When Bitcoin’s Price Breaks Down, It Follows a Pattern
When trying to predict the future price of bitcoin, it’s impossible to do so without first looking at its past.
No matter how it’s examined, the cyclical nature of bitcoin’s price action can’t be ignored especially when considering its notorious “boom and bust” cycles.
If the latest plunge below the long-lasting support level of $6,000 after an explosive rise to nearly $20,000 is any indication, it’s clear the history repeating trend has yet to cease. This line of thought is potentially revealing since the breakdown of several bitcoin bubbles have followed an “opposite but equal” theme.
In other words, bitcoin’s price tends to consolidate in a specific pattern when in a bubble state, which eventually breaks down in the opposite direction to a near-identical distance as the height of the pattern.
Using this logic, a bottom for the current bear market can be extrapolated, as explored below.
Symmetrical triangle breakdowns
A symmetrical triangle in technical analysis consists of two simultaneously converging trendlines, and is generally a continuation pattern in nature.
Like many patterns, a rough estimate for a triangle breakout or breakdown target can be predicted.
Generally, the pattern height is either added or subtracted from the breakout/down point to create a target, but with BTC, using the top-to-bottom distance of the base range (percentage) seems to be a more accurate unit of measurement.
A large triangle formed in June-July of 2016 with a 30 percent base range (left frame). Using the ‘opposite but equal’ breakdown/out logic from before, the price should bottom out 30 percent lower than the breakdown point.
As the left frame shows, the 30 percent drop was achieved almost exactly, to the tune of -29.5 percent.
The same measure rule came into play the following year when price formed another symmetrical triangle pattern. This example has the base range of 28 percent which, using the same measuring logic as before, provided the perfect bottom 28 percent below the breakdown point.
Descending triangle breakdown
The bearish member of the triangle family is the descending triangle, which consists of a flat bottom and ‘descending’ top.
This pattern, too, abides by the ‘opposite but equal’ breakdown rule.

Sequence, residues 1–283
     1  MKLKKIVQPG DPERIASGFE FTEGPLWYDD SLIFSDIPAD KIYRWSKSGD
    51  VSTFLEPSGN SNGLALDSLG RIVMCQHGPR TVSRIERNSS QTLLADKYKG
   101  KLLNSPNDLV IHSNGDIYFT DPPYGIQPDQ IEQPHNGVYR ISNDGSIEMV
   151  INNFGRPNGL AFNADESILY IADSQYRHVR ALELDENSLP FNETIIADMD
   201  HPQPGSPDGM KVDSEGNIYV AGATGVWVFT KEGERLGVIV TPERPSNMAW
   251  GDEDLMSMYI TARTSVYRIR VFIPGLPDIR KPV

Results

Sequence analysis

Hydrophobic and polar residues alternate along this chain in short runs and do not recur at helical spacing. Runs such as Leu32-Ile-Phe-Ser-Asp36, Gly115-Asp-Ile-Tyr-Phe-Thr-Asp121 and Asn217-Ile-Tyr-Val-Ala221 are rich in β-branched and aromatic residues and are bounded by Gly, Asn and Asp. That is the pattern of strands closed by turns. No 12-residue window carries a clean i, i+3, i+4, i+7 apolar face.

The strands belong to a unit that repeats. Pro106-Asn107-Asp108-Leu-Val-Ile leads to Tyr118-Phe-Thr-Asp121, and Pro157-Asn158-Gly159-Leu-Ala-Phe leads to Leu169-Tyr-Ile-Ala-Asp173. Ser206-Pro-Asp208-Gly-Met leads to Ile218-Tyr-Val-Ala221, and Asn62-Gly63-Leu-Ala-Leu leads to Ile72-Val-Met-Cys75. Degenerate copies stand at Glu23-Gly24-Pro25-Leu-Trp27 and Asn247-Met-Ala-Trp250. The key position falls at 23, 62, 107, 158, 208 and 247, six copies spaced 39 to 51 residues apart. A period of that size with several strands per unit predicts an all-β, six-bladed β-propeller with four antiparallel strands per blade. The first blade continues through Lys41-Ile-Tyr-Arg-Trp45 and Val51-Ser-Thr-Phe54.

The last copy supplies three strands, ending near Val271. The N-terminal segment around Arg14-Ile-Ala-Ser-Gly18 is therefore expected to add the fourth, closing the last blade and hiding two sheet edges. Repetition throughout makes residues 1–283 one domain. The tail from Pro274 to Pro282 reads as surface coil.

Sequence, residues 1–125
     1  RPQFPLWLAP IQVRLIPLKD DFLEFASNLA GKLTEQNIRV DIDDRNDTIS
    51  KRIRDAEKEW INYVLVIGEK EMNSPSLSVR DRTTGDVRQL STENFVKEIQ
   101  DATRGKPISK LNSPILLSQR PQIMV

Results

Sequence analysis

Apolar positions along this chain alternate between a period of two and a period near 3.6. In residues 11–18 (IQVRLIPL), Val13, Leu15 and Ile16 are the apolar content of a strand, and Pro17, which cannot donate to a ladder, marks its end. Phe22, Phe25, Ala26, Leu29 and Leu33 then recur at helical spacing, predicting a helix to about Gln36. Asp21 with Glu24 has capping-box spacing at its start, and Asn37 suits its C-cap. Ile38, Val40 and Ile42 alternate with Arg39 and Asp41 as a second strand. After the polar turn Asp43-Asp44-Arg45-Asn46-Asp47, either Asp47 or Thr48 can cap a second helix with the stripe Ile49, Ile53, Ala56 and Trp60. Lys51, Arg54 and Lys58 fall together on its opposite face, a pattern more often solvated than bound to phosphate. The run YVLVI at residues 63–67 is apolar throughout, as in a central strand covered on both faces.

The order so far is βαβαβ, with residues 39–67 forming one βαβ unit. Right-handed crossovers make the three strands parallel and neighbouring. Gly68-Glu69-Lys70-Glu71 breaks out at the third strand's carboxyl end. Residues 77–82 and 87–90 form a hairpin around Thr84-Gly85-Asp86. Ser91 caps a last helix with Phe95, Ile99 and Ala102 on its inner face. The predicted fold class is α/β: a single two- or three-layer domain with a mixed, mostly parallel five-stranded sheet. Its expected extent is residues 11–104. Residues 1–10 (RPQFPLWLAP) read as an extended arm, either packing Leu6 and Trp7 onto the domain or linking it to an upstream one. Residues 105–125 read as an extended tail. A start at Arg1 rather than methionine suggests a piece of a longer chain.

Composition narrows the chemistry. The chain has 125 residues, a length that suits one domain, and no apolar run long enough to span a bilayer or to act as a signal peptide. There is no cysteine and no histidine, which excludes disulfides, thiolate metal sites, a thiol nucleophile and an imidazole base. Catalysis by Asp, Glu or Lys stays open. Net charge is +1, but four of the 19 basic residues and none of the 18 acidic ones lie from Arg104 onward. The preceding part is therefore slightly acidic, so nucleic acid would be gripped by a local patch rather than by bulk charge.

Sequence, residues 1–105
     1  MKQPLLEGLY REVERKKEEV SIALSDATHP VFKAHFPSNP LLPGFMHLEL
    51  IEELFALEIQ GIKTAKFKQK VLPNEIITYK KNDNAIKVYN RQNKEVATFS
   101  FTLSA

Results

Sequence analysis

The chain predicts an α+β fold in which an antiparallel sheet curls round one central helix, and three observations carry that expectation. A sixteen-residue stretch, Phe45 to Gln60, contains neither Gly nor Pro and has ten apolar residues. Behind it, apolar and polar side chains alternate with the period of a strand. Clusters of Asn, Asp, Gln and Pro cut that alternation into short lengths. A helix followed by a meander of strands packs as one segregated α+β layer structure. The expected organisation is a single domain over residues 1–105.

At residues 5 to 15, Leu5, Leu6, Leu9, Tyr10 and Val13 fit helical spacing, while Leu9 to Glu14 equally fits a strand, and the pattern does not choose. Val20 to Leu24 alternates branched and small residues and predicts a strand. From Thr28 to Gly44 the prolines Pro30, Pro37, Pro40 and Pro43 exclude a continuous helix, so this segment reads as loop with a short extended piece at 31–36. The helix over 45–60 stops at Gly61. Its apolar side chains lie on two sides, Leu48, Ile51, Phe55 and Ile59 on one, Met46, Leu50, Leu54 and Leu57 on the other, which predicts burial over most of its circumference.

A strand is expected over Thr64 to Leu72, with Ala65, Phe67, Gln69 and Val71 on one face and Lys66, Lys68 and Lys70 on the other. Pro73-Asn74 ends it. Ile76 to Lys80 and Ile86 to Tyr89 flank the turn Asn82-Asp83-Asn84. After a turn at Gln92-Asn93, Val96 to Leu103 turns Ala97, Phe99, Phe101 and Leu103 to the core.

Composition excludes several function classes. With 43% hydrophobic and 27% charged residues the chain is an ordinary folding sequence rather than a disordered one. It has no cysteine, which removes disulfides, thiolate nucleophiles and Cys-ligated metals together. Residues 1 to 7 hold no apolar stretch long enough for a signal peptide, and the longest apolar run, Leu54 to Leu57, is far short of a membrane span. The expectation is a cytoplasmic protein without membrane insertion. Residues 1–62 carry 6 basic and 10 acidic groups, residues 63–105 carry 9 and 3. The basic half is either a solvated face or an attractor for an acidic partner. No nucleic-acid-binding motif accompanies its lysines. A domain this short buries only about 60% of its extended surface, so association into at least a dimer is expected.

Take the bear market of 2011 for example in the upper frame. Although the price action is not as clean – likely due to BTC being relatively illiquid on Bitstamp at the time – it’s clear that a descending triangle was the backbone of the market structure with a clear base at $5.43.
Once again, using the measuring logic from before, price should have fallen 26 percent below its breakdown point based off of its base range. As can be seen, BTC eventually did bottom out at a price level nearly 24 percent below the point.
The 2014 bear market is, in a sense, a larger scale of the 2011 bear market pattern.
As seen in the bottom frame of the above chart, the base range of this triangle is 65 percent. Perhaps unsurprisingly, when subtracted to the bottom of the triangle, another very similar ‘opposite but equal’ 62 percent drop marked the bottom of this market downturn.
Will history repeat?
Now, looking at the current 2018 bear market, history has already told us there is a high likelihood the price of bitcoin will breakdown from this triangle to a similar distance as its base range,
With that logic in mind, there are two possible targets for the current bear market bottom that can be created.
Since the base range of this descending triangle is 54 percent, a subtraction from the breakdown point of the triangle provides a target of $2,676.
Usually, this would be the ideal spot for the market to bottom (give or take a few percentage points) but since the price history above $13,000 does not fit in the triangle, a secondary target should be created due to the nature of bitcoin breaking down to an opposite but equal distance as its run up.
The range from bitcoin’s all-time high of $19,666 to the breakdown point is 70 percent, so when when subtracted from the breakdown point, the target of $1,725 is created.
In conclusion, bitcoin’s price tends to follow an ‘opposite but equal’ rule when recording a triangle pattern breakdown.
Using that logic, an ideal bottom zone for the cryptocurrency’s most recent bear market is between $2,676 and $1,725 – give or take a few percentage points in either direction.
Disclosure: The author holds BTC, AST, REQ, OMG, FUEL, 1st and AMP at the time of writing.
Crash test dummy image via Shutterstock